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Low Power Radio Continues to Move Through the U.S. House

| Written by Christopher | No Comments | Updated on Oct 12, 2009 The content that follows was originally published on the Institute for Local Self-Reliance website at

The Local Community Radio Act (HR 1147) has passed the House Subcommittee on Communications, Technology and the Internet with a strong 15-1 vote. It is now moving back to the parent committee – the Commerce Committee.

This bill has strong grassroots support – with many diverse groups in support. The United Church of Christ has a media-justice advocacy arm that strongly supports the bill.

"Expanding low-power radio is a concrete step toward a more just society," said Andrea Cano, OC Inc. Board member and former director of the UCC’s Microradio Implementation Project. "These stations give voice to the voiceless."

Low-power radio stations are small FM radio stations that serve a geographic area with a radius of 5 to 7 miles. They are non-commercial stations that can be obtained by community groups, churches, schools and other non-profits. Currently there are about 800 radio stations on the air.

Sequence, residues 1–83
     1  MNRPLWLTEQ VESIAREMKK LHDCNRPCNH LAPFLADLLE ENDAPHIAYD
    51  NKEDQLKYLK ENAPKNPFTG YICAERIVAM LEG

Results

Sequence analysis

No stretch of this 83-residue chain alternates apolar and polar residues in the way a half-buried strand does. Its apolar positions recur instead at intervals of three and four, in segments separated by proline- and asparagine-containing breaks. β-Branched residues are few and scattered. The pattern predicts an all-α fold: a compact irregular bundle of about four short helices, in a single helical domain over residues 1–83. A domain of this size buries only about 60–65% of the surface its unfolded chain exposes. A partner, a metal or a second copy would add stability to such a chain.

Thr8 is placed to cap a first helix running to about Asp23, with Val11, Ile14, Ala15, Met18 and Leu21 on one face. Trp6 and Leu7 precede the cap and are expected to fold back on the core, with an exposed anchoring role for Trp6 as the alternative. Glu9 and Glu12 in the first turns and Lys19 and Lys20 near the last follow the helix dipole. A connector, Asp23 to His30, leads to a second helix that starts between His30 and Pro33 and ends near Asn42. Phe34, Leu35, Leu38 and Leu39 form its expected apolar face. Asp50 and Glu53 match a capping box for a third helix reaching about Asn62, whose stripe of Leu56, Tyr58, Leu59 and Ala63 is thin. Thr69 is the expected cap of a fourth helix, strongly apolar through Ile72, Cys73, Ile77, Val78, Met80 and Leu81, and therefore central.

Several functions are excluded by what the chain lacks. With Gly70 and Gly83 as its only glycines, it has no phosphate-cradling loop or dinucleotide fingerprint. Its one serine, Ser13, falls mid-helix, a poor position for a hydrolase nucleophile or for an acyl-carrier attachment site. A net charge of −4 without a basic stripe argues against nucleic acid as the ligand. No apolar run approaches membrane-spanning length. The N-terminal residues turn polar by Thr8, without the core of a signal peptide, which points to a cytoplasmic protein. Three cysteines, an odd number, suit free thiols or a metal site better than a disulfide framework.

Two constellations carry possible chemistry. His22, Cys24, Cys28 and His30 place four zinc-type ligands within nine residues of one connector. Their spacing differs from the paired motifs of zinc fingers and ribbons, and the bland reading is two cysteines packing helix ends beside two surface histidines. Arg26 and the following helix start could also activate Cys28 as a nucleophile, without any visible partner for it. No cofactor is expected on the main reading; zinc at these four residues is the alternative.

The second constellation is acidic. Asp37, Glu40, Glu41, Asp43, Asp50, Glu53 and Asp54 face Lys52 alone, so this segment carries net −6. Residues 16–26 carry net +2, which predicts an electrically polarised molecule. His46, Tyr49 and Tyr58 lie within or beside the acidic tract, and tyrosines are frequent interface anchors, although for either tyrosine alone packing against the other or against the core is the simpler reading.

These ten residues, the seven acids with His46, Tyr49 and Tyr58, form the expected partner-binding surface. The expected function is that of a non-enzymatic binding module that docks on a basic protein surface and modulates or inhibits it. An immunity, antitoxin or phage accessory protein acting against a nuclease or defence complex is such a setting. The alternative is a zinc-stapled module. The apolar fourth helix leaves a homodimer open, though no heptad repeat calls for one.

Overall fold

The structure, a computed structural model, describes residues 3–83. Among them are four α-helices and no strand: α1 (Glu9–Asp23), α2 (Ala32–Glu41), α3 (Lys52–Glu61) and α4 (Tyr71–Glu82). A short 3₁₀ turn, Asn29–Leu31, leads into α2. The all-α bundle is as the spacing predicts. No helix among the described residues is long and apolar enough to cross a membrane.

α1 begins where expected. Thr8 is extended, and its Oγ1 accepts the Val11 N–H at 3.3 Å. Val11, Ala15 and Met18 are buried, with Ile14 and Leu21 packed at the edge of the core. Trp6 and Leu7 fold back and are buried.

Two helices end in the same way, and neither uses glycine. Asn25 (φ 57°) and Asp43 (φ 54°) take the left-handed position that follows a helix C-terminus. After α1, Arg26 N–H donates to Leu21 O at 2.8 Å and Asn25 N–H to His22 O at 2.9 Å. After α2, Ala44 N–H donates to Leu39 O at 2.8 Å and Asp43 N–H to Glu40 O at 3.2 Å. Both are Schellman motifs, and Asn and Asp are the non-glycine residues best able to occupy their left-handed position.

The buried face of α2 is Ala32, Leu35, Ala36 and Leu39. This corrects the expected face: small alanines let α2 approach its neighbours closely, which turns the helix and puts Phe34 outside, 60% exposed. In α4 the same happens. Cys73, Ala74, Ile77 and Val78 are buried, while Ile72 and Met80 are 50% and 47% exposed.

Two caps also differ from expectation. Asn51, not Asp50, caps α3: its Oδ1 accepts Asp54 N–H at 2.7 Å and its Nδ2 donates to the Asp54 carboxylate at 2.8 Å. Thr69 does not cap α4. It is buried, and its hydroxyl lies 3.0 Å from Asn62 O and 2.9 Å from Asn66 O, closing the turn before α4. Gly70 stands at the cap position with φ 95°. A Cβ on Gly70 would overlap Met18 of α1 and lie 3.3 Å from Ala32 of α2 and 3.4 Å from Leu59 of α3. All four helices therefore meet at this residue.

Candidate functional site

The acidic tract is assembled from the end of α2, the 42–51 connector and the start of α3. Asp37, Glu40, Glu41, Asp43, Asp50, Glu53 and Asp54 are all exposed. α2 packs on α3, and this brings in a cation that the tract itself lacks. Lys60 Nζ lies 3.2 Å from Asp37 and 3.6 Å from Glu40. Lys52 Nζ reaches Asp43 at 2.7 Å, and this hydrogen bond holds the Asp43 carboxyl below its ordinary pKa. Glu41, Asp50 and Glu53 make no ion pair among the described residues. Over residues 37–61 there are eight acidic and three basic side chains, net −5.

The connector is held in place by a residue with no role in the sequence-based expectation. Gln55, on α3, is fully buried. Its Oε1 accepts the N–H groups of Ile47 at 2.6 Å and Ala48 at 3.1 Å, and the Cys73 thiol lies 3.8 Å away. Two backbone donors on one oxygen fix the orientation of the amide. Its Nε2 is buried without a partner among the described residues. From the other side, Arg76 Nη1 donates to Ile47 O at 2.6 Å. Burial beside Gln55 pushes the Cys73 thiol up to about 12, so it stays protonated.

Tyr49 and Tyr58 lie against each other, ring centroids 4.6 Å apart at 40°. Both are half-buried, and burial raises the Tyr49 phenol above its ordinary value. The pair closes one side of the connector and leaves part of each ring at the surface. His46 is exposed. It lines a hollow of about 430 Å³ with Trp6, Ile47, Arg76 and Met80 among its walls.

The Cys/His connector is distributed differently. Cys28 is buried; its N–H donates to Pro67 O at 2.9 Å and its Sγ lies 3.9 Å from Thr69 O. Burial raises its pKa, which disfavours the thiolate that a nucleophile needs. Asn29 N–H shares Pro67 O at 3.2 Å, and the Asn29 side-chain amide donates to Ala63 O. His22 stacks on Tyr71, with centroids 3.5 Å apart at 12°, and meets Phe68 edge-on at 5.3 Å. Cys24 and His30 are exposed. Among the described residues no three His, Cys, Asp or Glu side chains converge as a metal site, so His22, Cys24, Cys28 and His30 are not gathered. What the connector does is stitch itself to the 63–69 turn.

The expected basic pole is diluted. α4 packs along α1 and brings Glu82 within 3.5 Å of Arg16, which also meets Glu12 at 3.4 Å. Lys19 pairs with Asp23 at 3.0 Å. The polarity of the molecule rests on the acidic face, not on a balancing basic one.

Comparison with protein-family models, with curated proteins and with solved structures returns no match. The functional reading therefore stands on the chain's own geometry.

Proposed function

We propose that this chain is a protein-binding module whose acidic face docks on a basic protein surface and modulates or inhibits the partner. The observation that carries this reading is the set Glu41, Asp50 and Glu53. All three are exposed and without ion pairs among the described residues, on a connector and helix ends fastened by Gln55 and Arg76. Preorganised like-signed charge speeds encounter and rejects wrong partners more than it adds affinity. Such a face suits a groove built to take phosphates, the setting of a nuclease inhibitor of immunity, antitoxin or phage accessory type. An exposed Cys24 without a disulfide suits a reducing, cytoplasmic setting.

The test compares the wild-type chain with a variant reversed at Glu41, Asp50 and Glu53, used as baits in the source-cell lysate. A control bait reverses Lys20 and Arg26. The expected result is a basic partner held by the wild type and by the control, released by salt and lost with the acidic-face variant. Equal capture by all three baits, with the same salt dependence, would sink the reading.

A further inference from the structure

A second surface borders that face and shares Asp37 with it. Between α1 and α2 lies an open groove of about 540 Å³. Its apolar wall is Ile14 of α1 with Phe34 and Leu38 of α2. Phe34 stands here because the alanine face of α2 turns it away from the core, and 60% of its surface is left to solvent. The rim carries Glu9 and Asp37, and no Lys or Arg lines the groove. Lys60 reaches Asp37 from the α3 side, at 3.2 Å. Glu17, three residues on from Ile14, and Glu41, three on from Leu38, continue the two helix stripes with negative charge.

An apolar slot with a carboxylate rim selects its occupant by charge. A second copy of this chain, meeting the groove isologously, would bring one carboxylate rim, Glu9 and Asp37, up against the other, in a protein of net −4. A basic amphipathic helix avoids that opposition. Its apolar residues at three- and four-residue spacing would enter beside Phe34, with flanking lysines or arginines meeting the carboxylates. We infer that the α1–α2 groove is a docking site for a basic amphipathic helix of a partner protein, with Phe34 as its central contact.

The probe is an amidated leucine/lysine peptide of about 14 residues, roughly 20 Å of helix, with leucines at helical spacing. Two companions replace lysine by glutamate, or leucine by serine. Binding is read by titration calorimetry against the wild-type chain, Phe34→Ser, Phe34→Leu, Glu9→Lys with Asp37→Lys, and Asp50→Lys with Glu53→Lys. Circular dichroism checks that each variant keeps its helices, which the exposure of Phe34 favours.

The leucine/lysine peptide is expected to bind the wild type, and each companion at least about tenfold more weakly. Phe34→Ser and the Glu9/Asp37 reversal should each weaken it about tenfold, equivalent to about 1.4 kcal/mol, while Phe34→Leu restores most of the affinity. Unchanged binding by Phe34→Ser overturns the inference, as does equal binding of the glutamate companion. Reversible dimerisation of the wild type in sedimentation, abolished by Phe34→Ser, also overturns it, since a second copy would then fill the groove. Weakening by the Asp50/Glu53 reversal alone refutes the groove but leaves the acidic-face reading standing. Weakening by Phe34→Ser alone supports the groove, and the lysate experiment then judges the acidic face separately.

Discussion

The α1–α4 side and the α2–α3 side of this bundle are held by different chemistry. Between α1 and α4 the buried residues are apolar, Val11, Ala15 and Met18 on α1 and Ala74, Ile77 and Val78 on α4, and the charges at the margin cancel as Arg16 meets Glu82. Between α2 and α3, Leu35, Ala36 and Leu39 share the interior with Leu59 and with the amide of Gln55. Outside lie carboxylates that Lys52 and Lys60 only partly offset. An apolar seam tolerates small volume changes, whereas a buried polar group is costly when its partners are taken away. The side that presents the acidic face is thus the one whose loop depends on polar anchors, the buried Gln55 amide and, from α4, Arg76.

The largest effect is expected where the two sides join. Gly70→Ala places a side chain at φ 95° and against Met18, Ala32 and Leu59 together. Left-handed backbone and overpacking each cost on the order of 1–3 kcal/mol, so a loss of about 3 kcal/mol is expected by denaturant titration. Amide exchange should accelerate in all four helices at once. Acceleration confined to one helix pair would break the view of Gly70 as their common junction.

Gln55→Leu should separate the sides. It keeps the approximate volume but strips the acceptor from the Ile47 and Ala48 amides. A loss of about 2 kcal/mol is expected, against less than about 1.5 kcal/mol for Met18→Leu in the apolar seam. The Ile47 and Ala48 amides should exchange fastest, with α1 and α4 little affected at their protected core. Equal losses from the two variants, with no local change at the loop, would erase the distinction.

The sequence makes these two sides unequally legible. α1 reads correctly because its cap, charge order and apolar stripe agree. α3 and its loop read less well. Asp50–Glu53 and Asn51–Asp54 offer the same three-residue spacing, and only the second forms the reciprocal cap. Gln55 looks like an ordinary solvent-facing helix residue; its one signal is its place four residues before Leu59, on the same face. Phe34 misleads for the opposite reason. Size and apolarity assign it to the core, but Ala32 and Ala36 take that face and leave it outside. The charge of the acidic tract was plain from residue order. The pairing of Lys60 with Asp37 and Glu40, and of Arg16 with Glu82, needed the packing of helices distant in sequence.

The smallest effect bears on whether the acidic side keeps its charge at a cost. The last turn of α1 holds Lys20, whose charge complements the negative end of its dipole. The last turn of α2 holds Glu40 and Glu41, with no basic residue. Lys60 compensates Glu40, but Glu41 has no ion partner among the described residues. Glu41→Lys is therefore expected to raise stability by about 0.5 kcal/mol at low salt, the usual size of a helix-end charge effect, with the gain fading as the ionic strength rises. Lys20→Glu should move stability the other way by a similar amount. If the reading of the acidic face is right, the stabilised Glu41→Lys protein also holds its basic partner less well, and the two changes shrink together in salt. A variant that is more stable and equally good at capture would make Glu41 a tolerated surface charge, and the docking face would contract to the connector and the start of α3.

A Senate companion bill awaits action by the Commerce Committee. Nonetheless, supporters are jazzed over the subcommittee victory:

Legislation to expand LPFM has never come this far in Congress, despite being introduced in the past three terms. At this morning’s hearing, three representatives who previously expressed doubts about the bill, voiced their support. Rep. Greg Walden (R-Ore.), the only former broadcaster in the committee, and Rep. Cliff Stearns (R-Fla.), one of the original co-sponsors of the legislation that limited LPFM 10 years ago, both endorsed the Local Community Radio Act this morning.

For more information, visit Prometheus Radio.

About Christopher

Christopher Mitchell is the Director of the Community Broadband Netwroks Initiative with the Institute for Local Self-Reliance. He runs as part of ILSR’s effort to ensure broadband networks are directly accountable to the communities that depend upon them. More

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